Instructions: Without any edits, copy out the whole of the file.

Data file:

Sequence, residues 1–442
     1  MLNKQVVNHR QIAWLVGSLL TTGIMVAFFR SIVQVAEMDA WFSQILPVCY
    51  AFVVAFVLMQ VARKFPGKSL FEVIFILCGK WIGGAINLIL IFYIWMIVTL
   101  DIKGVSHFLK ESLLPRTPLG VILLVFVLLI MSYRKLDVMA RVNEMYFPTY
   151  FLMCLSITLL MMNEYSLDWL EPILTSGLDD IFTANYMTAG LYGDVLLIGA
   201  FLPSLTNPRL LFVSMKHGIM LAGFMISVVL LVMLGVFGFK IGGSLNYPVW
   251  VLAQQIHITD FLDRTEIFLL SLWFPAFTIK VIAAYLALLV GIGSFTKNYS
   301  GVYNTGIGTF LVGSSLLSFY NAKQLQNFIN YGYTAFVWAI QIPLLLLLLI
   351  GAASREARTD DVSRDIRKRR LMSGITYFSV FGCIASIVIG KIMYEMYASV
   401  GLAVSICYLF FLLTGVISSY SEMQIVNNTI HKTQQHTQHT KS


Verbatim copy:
Sequence, residues 1–442
     1  MLNKQVVNHR QIAWLVGSLL TTGIMVAFFR SIVQVAEMDA WFSQILPVCY
    51  AFVVAFVLMQ VARKFPGKSL FEVIFILCGK WIGGAINLIL IFYIWMIVTL
   101  DIKGVSHFLK ESLLPRTPLG VILLVFVLLI MSYRKLDVMA RVNEMYFPTY
   151  FLMCLSITLL MMNEYSLDWL EPILTSGLDD IFTANYMTAG LYGDVLLIGA
   201  FLPSLTNPRL LFVSMKHGIM LAGFMISVVL LVMLGVFGFK IGGSLNYPVW
   251  VLAQQIHITD FLDRTEIFLL SLWFPAFTIK VIAAYLALLV GIGSFTKNYS
   301  GVYNTGIGTF LVGSSLLSFY NAKQLQNFIN YGYTAFVWAI QIPLLLLLLI
   351  GAASREARTD DVSRDIRKRR LMSGITYFSV FGCIASIVIG KIMYEMYASV
   401  GLAVSICYLF FLLTGVISSY SEMQIVNNTI HKTQQHTQHT KS